Media Releases - 25 June 2019
Damning Four Corners report proves new nature laws needed
The Wilderness Society provides the following comments on the ABC's Four Corners episode, Extinction Nation, aired 24 June 2019.
Wilderness Society National Campaigns Director, Lyndon Schneiders says: “The horrific evidence presented in last night’s Four Corners episode is just a taste of the extinction crisis gripping Australia. Our nation’s unique natural legacy is being lost through corporate greed and government prevarication.
“Just this week, the Federal Environment Minister, Sussan Ley, confirmed that Victoria’s faunal emblem, the Leadbeater’s possum, remains Critically Endangered. It is incomprehensible that iconic species like this are not protected by our national environment laws, yet dodgy logging deals called Regional Forest Agreements exempt logging—which is a major threat to forest-dwelling species including the possum—from national environmental laws.
“After 20 years, it’s clear that the Regional Forest Agreements have been a disaster for our native wildlife. The native forest logging industry’s exemption from national environment law is leading to wildlife extinction. Four Corners’ Extinction Nation shows that this special treatment must end.
“For years, paper giant Nippon has pulped Victoria’s native forests for Reflex paper products, putting the Leadbeater’s Possum on the pathway to extinction.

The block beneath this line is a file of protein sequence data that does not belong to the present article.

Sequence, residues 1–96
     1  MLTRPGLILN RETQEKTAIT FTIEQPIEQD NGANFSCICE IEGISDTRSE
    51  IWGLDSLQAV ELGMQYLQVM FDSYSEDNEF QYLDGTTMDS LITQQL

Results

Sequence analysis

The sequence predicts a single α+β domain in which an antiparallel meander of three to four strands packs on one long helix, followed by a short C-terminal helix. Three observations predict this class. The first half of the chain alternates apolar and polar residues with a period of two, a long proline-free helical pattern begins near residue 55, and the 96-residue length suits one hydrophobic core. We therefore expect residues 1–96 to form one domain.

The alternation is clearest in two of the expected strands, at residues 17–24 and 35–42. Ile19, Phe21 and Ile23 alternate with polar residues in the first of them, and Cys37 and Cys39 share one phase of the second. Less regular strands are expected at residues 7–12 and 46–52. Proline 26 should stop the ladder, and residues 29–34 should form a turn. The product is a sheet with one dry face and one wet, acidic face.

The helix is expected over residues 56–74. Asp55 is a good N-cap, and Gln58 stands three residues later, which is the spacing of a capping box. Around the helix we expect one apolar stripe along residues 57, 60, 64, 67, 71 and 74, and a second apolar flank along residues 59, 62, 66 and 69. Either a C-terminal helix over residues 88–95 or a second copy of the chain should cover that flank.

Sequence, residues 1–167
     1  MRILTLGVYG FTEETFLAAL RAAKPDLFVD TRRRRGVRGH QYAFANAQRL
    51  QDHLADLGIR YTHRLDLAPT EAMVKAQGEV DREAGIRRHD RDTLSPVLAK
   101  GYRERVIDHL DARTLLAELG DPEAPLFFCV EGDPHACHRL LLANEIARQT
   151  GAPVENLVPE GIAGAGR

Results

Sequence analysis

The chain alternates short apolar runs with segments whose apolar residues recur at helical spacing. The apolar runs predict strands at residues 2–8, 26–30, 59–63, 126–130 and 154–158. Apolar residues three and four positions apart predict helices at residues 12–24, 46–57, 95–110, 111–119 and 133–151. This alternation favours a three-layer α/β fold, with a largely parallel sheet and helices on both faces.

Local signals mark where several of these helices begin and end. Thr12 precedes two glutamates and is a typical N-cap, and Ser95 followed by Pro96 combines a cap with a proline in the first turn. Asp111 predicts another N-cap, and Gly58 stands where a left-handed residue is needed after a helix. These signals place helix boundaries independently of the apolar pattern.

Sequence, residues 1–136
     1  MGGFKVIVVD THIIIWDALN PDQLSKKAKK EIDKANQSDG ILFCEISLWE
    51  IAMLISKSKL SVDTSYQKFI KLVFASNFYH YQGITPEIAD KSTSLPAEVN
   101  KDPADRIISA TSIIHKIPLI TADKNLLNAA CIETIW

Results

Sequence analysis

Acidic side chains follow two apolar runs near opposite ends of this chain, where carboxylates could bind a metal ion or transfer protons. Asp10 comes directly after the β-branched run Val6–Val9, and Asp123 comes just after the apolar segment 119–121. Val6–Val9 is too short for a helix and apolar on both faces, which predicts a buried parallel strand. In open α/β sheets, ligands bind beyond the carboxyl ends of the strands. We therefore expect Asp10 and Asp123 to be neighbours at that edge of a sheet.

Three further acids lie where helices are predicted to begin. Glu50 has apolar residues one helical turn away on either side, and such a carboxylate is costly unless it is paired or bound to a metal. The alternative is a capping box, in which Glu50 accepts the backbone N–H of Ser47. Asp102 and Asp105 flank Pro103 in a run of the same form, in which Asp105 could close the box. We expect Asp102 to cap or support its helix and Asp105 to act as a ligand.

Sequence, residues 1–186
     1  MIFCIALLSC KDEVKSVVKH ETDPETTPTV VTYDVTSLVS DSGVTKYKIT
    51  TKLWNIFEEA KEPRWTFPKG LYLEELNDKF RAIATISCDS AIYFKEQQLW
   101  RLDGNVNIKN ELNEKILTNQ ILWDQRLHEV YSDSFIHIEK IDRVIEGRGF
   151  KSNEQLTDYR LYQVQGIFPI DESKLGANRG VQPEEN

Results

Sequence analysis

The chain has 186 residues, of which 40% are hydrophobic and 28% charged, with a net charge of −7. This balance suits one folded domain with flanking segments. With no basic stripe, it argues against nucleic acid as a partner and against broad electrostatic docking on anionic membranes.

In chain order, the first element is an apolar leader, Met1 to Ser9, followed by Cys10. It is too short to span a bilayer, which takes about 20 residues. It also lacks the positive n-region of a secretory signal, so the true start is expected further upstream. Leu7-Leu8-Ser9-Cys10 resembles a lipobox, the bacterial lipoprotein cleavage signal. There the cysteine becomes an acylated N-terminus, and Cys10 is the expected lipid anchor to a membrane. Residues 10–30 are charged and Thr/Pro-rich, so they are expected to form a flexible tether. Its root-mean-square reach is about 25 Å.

“Frankly, we’ve had enough of governments, government ministers and big business shrugging their shoulders at a problem they clearly know is real and alarming. There needs to be substantial changes to Australian environmental law to save these species and an independent, well-resourced Environmental Protection Agency established to make sure that happens.
“Now, no one in Parliament can say that the Environment Protection and Biodiversity Conservation Act is working. The Act is up for statutory review in October this year, and a key test of success for this review will be ensuring Australia has fit-for-purpose laws that can prevent extinction and enough funding to take real action to protect our species.
“Surely the government can find a few million dollars within the $500 billion national budget to save our natural heritage. This would be money well spent to protect our iconic animals, support critical ecosystems, and benefit Australians now and into the future,” Mr Schneiders concluded.
For further comment, please contact Wilderness Society National Nature Campaign Manager Suzanne Milthorpe on 0408 582 396.
Small, speedy & on the brink of extinction
Most people have never seen a Leadbeater's (Fairy) Possum in the wild. And now, these tiny marsupials are in danger of being lost forever.